Britain general election: Is the minority vote, once Labour's, up for grabs?
In Britain's general election scheduled for May 6, minority voters are expected to have a greater impact than ever before. Conservatives are wooing black and Asian voters – once solidy pro-Labour – with policies they say are family- and business-friendly.
Fighting for every vote in a British general election campaign that threatens to shatter the age-old hold on power held by the Labour and the Conservative parties, British politicians are now facing another mold-breaking moment – the potentially decisive role of ethnic minority voters.Skip to next paragraph
Subscribe Today to the Monitor
Amid a sea change in the makeup of Britain’s electorate, voter registration among British ethnic minorities is approaching the levels of white voters, while turnout in Asian communities, most immigrants from India and Pakistan, is expected to be well in excess of the national average.
It’s a factor that has already seen the Conservative Party launch a major bid – with parallels to the US Republican Party’s attempts under George W. Bush to woo Latinos – to win over traditionally Labour-supporting ethnic-minority voters. The Conservatives are emphasizing a commitment to family values that they hope will appeal to minority voters and are touting changes that will make it easier for minorities to start their own businesses.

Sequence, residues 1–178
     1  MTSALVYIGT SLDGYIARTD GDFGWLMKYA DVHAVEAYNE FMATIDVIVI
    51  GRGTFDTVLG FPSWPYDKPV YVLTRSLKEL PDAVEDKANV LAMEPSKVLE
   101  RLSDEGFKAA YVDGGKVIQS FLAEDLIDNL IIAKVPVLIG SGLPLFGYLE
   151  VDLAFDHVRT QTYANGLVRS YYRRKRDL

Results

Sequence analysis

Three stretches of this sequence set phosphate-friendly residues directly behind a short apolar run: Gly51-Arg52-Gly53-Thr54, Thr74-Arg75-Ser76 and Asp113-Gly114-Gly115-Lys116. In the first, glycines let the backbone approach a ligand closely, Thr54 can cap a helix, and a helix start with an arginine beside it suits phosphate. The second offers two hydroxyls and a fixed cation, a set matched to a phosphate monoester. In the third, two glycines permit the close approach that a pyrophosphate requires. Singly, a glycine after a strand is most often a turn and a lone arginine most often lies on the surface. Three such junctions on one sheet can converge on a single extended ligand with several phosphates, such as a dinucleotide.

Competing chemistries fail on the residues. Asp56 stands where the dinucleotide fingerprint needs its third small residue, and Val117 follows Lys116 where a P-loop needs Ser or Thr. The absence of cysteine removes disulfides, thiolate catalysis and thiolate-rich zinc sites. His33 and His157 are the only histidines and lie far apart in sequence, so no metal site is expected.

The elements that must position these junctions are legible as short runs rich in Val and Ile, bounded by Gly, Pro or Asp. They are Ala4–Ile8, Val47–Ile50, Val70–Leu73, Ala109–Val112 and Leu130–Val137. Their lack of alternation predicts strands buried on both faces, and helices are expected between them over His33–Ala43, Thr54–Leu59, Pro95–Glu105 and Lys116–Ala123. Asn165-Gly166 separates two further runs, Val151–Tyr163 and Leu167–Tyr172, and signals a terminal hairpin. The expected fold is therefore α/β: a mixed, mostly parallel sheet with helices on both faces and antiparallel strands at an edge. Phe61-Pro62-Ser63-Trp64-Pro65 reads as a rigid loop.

“In terms of the traditional turnout [among nonwhites], it has been very high for Labour, but I think it is being chipped away at,” says Ashok Viswanathan of Operation Black Vote (OBV), a nonpartisan political campaign working to address the underrepresentation in politics of ethnic minorities. “This was always going to be a game-changing election but in many ways this is now a three-horse race and the black vote could quite conceivably go to the Tories or the Liberal Democrats.”
All three major party leaders have been invited on Wednesday to "Black Britain Decides," a London rally organized by OBV.
The Labour Party on Monday sought to underline its credentials as the political standard bearer for Britain's ethnic minorities when it launched a specific Black, Asian and Minority Ethnic (BAME) manifesto, highlighting the government’s efforts to tackle racial prejudice and improve social mobility.
The British Obama?
Sitting alongside Chuka Umunna, a young black candidate frequently saddled in the press with the sobriquet of "Britain’s Obama," the presence of both Foreign Secretary David Miliband and Labour deputy leader Harriet Harman underlined the importance the ruling party attaches to ethnic minority votes.